The Crane Dance, Morning. © Copyright 2021 G Dan Mitchell – all rights reserved.
Two sandhill cranes perform the ritual “crane dance” as others look on.
For the most part, sandhill cranes pretty much… stand around a lot. They often seem to be doing nothing at all, though perhaps they are feeding. Groups will stand in one spot for long periods of time, or perhaps a few may decide to wander a short distance for some reason. (If their path takes them away from you, there is a good chance that you may be closer than you really should be.) They fly out in the morning, and big groups of them often return in the evening, in what I regard as the most dynamic time of day for them.
And then, every so often, they “dance.” A pair of them, or sometimes an individual or even more than two, perform this remarkable ritual. By some combination of hopping and wing flapping they rise abruptly into the air, typically getting no more than a couple of feet off the ground and then dropping back to the same spot. From what I read, this may be a part of their mating/courting ritual, though they do this at other times for what seems to be no discernible reason. Perhaps they just feel like dancing? (In this little scene, I’m intrigued by the interested voyeurs on the left!)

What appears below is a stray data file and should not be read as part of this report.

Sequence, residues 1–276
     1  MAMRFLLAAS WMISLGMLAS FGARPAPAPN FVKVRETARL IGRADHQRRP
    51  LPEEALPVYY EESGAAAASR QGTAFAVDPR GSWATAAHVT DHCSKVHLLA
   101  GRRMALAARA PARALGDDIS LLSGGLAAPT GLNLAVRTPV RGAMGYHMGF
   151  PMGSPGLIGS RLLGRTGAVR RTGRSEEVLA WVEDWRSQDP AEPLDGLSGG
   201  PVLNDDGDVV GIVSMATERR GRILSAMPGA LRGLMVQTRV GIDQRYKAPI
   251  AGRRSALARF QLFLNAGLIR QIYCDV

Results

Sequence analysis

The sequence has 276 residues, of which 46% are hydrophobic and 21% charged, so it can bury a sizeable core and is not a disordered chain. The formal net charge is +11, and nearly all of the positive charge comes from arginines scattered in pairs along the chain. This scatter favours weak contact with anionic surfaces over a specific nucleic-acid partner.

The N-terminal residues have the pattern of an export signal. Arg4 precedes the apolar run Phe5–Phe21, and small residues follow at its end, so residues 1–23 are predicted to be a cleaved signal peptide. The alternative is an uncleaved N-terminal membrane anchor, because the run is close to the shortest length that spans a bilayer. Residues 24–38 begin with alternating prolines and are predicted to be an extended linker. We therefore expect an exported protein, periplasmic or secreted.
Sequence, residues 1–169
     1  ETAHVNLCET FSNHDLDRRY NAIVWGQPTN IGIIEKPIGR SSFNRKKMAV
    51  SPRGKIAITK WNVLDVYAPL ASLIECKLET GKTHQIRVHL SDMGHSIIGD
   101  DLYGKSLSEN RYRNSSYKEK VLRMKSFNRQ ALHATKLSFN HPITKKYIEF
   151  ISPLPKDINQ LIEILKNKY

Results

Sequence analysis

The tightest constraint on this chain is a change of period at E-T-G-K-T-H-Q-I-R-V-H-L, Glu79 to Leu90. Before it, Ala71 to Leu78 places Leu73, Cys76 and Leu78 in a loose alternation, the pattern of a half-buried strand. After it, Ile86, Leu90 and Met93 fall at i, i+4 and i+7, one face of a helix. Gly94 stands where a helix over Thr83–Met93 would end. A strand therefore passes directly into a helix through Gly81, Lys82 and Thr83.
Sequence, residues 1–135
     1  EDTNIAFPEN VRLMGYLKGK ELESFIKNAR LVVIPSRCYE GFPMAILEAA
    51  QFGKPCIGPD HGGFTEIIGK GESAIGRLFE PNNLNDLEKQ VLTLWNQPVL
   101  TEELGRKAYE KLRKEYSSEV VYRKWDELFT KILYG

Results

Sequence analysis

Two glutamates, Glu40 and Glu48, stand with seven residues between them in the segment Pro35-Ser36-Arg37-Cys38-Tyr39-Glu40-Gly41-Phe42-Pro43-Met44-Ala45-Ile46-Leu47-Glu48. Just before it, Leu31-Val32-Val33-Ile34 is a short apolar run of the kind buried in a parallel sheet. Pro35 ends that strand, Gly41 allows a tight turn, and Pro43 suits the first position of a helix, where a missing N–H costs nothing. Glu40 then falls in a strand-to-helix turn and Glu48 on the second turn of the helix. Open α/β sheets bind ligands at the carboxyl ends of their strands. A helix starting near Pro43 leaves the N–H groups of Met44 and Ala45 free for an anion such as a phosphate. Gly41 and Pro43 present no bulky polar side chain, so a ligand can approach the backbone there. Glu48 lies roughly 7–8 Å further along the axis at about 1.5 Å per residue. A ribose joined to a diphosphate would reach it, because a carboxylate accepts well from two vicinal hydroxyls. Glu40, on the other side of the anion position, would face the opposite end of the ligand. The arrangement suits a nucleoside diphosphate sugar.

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G Dan Mitchell is a California photographer and visual opportunist. His book, “California’s Fall Color: A Photographer’s Guide to Autumn in the Sierra” is available from Heyday Books, Amazon, and directly from G Dan Mitchell.